The tiny yet highly desired Chihuahua dog can be long-haired or short-haired. Long-haired Chihuahuas are not a separate breed and possess the same personality traits regardless of their coat type. Still, the Chihuahua long hair is the most popular type, adored for its fluffy ears, neck, and tail.
Long-Haired Chihuahua OriginThe fluffy Chihuahua is the smallest dog breed worldwide and one of the oldest. They date back as far as 100 AD, originating from the state of Chihuahua in Mexico, where they get their name. Legend has it that the Chihuahua was initially bred from the small dog Techichi. Techichi was an ancient breed dating back as far back as 300 BC. They were viewed highly in Toltec and Aztec cultures as it was believed they had the power to fight off evil spirits and guide the deceased through the underworld. As a result, they were the companion dogs of the rich and were often buried with their owners when they passed away. Long hair Chihuahuas were bred to hunt pests like rats and moles. They came to America in the late 1800s but remained rare until the early 20th century. In 1904, the American Kennel Club registered Chihuahuas as a breed. They then slowly grew in popularity, eventually becoming one of the most common dogs in the United States and beyond. Today, they can sell for anything between $500 to $1500. The price depends on their coloration (the Merle patterning is one of the most expensive), genetics, and the level of health testing the breeder has carried out. We recommend only buying from a breeder who can supply evidence that the puppies are healthy, as Chihuahuas are prone to several health issues.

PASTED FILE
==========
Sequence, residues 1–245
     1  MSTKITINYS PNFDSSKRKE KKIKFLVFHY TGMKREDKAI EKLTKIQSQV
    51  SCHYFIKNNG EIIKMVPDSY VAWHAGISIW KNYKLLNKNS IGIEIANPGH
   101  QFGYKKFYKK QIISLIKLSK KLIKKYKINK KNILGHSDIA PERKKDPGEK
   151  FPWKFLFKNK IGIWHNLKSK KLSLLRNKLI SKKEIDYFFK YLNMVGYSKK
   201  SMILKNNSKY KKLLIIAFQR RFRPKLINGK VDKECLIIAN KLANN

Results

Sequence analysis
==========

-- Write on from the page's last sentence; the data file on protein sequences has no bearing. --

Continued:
What Does A Long-Haired Chihuahua Look Like?The cute and furry Chihuahua is a toy breed, weighing around 6lbs and standing between 6 and 9 inches tall. They are the smallest breed registered with several kennel clubs; females and males are no different in size. A Chihuahua with hair of any length will have one of two distinct head shapes; apple headed and deer headed. Apple heads are the most common. This type has short muzzles that meet their forehead at a 90-degree angle, creating the classic L shape and bulging eyes with which you associate this breed. Those with a deer head shape have a slightly longer nose, and their muzzle meets their forehead at around 45 degrees. Regardless of the head shape, Long Haired Chihuahuas have large triangle-shaped ears with feathering and bright round eyes. What's more, their legs and tail are proportional to their body. The hairy Chihuahua has long and smooth fur all over, but longer hair is typical around the ears, necks, legs, and tails. They can come in various colors, such as black, brown, tan, red, blue, white, and cream. Most commonly, they will have a solid or bi-color pattern, but they can also be tricolored, spotted, brindle, or merle.